I agree – those are the big 4 of social media monitoring. Since social media is non-linear it’s important to look at your campaign from the levels of engagement, influence, sentiment and activity.

    My favorite feature of some of these tools is that they offer the opportunity to identify your brand advocates (key influencers). imo, WOM is the biggest influence!

    With the insights gained from social media tools, marketers need to make decisions based on data and measurements. It’s possible.

    -Sarah
    Communications Manager – MutualMind
    @mutualmind


  6. Tom 

    Hi Sarah, thanks for validating those points. No question there are many aspects of social media marketing that can be measured and acted upon; the challenge, I think, is in converting WOM to ROI with any degree of precision.

  7. Thanks for the great read. Product Category Positioning is an important social media metric to consider as well.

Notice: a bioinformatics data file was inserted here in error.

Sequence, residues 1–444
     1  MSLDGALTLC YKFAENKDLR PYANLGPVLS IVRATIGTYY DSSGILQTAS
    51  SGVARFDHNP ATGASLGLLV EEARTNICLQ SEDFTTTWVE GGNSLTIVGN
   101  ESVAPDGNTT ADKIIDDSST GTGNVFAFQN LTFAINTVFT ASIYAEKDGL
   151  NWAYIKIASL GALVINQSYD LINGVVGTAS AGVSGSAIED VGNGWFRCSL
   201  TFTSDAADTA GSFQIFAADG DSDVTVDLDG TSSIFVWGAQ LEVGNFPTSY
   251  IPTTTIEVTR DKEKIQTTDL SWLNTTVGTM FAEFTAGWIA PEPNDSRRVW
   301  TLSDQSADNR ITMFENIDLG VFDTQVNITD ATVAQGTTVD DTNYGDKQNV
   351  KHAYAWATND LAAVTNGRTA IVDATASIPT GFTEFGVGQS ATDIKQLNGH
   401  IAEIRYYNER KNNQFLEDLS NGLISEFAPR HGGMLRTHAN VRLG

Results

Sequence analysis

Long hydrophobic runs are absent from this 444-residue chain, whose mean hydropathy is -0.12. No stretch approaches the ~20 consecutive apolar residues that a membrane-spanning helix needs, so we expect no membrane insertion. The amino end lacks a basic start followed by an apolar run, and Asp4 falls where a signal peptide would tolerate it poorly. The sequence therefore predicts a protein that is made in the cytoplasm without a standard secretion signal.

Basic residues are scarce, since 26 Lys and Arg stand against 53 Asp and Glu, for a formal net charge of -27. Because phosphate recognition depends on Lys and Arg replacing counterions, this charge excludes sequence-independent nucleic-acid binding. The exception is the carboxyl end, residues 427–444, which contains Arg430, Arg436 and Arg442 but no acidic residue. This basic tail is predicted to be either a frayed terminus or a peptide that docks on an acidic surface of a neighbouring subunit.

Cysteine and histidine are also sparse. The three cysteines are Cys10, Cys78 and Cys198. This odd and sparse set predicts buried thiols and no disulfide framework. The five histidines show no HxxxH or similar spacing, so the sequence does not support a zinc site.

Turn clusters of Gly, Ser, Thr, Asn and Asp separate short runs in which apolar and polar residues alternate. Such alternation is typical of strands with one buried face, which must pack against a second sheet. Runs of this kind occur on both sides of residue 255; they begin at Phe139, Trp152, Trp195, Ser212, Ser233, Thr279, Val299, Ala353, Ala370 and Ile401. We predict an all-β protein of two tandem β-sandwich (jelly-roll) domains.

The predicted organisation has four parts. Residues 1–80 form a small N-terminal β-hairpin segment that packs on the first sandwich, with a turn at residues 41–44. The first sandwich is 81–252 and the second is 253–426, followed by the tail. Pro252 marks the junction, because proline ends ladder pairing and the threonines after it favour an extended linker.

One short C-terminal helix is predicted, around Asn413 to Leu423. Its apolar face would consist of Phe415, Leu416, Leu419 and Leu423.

Being able to get a measurable, storytelling read from the voice of the crowd on a product’s or brand’s positioning “relative to” a competitive set on an unlimited number of issues that drive purchasing decisions for an entire product category has for many market researchers become a starting point for social media measurement.

    Knowing the issues discussed in social media for entire product categories, how they’re evolving over time, and “how” consumers are talking about those issues (especially meaningful in the context of and relevant to other issues or subjects) allows researchers to more effectively act upon the insights obtained.

    Check out the following links for some interesting illustrative case studies and feel free to reach out to me at tom@geeyee.com or 877-GEEYEE-1 with any questions: